Normally when we buy products we don’t check to see if any of them have caused cruelty to animals during the testing and manufacturing of the items but it seems according to a new study that consumers misunderstand what the term “cruelty-free” means anyway.
The study, conducted by researchers at the University of Missouri and Oregon, found while consumers may care if the products they are buying exploit child labor or cause harm to animals the term “cruelty-free”; while a great way to appeal to consumers, is sometimes misused by companies.
This is especially prevalent in the pharmaceutical, fragrance, cosmetic, and shampoo industries as the researchers found that even though those companies used the cruelty-free label there is some animal testing done ‘somewhere’ in the manufacturing process.
The study found that in general consumers got a positive feeling about products that carried such a cruelty-free statement but this quickly changed when they were told of the ambiguous nature of the label due to the wide range of definitions that exist for cruelty-free products.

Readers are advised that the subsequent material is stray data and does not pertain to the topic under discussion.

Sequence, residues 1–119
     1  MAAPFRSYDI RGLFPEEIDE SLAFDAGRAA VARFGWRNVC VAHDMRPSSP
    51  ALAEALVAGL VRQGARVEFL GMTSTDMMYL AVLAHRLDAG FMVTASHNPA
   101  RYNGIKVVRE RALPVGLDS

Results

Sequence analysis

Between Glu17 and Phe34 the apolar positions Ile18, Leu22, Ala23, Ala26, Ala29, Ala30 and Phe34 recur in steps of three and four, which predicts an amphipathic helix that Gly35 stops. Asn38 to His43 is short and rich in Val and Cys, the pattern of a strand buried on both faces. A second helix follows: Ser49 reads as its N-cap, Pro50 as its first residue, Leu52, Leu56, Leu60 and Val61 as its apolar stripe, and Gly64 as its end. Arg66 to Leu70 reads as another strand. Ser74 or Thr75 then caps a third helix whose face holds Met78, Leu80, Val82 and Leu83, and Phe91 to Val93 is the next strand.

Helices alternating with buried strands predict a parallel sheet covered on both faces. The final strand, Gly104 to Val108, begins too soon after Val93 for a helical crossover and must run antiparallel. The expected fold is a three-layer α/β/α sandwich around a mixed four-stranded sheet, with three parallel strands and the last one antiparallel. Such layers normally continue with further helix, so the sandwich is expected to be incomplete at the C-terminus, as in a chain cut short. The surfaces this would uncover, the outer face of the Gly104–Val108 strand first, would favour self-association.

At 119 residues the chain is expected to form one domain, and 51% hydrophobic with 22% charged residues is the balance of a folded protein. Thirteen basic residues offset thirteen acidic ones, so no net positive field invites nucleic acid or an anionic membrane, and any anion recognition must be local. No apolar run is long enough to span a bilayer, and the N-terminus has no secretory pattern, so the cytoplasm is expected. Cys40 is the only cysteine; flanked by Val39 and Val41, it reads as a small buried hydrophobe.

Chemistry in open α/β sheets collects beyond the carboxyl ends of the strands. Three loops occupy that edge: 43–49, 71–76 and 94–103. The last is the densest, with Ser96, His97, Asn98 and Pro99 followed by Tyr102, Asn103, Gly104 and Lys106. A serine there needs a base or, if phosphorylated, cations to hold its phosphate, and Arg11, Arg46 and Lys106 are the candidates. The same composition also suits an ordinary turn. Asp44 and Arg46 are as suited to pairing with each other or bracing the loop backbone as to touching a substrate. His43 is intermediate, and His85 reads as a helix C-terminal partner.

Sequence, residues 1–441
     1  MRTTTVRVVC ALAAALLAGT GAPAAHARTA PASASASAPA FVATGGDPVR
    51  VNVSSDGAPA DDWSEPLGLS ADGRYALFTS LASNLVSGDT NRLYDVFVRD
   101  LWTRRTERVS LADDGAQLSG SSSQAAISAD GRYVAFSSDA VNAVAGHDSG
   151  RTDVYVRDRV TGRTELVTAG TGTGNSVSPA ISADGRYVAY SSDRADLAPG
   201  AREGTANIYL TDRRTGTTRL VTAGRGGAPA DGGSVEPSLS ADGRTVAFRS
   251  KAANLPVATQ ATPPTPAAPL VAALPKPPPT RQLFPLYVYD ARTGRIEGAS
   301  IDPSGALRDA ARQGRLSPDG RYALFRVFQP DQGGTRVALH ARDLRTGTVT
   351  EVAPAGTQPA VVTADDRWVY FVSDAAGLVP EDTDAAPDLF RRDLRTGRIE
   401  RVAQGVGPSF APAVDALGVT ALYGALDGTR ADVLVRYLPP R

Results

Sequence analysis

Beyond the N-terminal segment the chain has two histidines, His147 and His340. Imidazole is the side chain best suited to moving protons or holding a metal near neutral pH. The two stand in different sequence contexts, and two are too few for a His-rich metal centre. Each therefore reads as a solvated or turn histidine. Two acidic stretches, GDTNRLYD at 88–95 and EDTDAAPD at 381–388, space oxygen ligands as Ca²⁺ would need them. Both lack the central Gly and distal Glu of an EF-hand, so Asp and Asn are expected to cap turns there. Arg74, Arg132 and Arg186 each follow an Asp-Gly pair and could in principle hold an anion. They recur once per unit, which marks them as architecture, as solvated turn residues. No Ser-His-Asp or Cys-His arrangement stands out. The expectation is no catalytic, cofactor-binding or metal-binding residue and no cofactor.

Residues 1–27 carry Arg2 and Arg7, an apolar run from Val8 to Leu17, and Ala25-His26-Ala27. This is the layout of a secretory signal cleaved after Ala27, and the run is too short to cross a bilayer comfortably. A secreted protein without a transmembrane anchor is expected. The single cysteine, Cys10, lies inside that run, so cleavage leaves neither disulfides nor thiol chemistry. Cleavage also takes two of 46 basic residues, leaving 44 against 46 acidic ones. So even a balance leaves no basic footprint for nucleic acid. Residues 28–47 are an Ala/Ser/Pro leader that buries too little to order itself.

Sheehan and Lee say their findings are concerning in regard to consumer protection. They say that because they have shown that consumers are willing to spend money on products that are cruelty-free, even if they don’t understand that those products aren’t always completely free of animal testing, the door is opened for product unethical business and advertising practices. Sheehan and Lee believe there should be a legal definition for what constitutes a cruelty-free product to help protect consumers.
Why anyone should be surprised by this finding is beyond me.